Permalink settings for pages and collections

The permalink setting in your configuration file specifies the permalink style used for posts, pages, and collections. However, because pages and collections don’t have time or categories, these aspects of the permalink style are ignored with pages and collections.

For example:

  • A permalink style of /:categories/:year/:month/:day/:title.html for posts becomes /:title.html for pages and collections.
  • A permalink style of pretty (or /:categories/:year/:month/:day/:title/), which omits the file extension and contains a trailing slash, will update page and collection permalinks to also omit the file extension and contain a trailing slash: /:title/.
  • A permalink style of date, which contains a trailing file extension, will update page permalinks to also contain a trailing file extension: /:title.html. But no time or category information will be included.

The path to the post or page in the built site differs for posts, pages, and collections:


The subfolders into which you may have organized your posts inside the _posts directory will not be part of the permalink.

If you use a permalink style that omits the .html file extension, each post is rendered as an index.html file inside a folder with the post’s name (for example, categoryname/2016/12/01/mypostname/index.html).


Unlike posts, pages by default mimic the source directory structure exactly. (The only exception is if your page has a permalink declared its front matter — in that case, the structure honors the permalink setting instead of the source folder structure.)

As with posts, if you use a permalink style that omits the .html file extension, each page is rendered as an index.html file inserted inside a folder with the page’s name (for example, mypage/index.html).


By default, collections follow a similar structure in the _site folder as pages, except that the path is prefaced by the collection name. For example: collectionname/mypage.html. For permalink settings that omit the file extension, the path would be collection_name/mypage/index.html.

Collections have their own way of setting permalinks. Additionally, collections have unique template variables available available (such as path and output_ext). See the Configuring permalinks for collections in Collections for more information.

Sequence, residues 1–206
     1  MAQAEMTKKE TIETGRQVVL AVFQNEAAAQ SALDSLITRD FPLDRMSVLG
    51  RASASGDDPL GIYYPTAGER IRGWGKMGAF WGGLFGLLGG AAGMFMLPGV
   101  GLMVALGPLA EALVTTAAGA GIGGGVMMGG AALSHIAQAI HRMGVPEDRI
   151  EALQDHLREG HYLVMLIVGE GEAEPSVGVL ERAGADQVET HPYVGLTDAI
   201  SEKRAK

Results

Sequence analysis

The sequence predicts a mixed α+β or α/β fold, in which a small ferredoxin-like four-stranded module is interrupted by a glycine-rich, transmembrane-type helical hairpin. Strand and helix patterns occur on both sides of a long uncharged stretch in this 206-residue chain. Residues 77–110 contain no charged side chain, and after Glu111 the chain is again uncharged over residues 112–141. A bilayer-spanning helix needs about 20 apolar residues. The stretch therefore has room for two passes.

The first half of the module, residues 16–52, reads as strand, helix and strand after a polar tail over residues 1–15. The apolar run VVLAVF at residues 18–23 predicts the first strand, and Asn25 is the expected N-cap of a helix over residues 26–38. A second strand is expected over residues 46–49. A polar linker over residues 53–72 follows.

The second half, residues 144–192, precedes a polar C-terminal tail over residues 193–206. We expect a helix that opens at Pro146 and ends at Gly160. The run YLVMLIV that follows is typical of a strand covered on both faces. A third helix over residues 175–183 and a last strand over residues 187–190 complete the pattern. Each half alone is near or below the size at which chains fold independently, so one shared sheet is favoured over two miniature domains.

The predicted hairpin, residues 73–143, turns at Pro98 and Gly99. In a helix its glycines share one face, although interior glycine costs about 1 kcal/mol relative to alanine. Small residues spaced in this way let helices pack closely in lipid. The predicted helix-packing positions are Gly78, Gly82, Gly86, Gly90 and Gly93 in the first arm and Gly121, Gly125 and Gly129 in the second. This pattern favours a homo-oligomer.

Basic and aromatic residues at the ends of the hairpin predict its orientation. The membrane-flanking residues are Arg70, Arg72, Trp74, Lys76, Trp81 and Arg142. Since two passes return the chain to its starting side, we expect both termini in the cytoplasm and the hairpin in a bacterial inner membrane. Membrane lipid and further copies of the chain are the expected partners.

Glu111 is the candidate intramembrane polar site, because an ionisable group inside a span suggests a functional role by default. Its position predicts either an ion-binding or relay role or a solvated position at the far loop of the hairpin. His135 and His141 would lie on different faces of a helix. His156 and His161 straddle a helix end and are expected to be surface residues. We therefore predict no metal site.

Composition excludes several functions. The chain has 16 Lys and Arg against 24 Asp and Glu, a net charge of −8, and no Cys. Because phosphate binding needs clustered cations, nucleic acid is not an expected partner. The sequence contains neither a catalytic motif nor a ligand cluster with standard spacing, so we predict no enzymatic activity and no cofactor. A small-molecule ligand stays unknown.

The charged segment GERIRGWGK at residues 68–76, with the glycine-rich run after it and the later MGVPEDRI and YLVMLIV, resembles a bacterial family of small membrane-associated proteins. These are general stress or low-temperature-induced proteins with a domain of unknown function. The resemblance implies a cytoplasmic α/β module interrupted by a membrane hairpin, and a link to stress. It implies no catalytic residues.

Flattening pages in _site on build

If you want to flatten your pages (pull them out of subfolders) in the _site directory when your site builds (similar to posts), add the permalink property to the front matter of each page, with no path specified:

title: My page
permalink: mypageurl.html

Jekyll supports permalinks that contain neither a trailing slash nor a file extension, but this requires additional support from the web server to properly serve. When using these types of permalinks, output files written to disk will still have the proper file extension (typically .html), so the web server must be able to map requests without file extensions to these files.

Both GitHub Pages and the Jekyll’s built-in WEBrick server handle these requests properly without any additional work.


The Apache web server has extensive support for content negotiation and can handle extensionless URLs by setting the multiviews option in your httpd.conf or .htaccess file:

Options +MultiViews


The try_files directive allows you to specify a list of files to search for to process a request. The following configuration will instruct nginx to search for a file with an .html extension if an exact match for the requested URI is not found.

try_files $uri $uri.html $uri/ =404;

You can create links in your topics to other posts, pages, or collection items in a way that is valid no matter what permalink configuration you choose. By using the link tag, if you change your permalinks, your links won’t break. See Linking to pages in Templates for more details.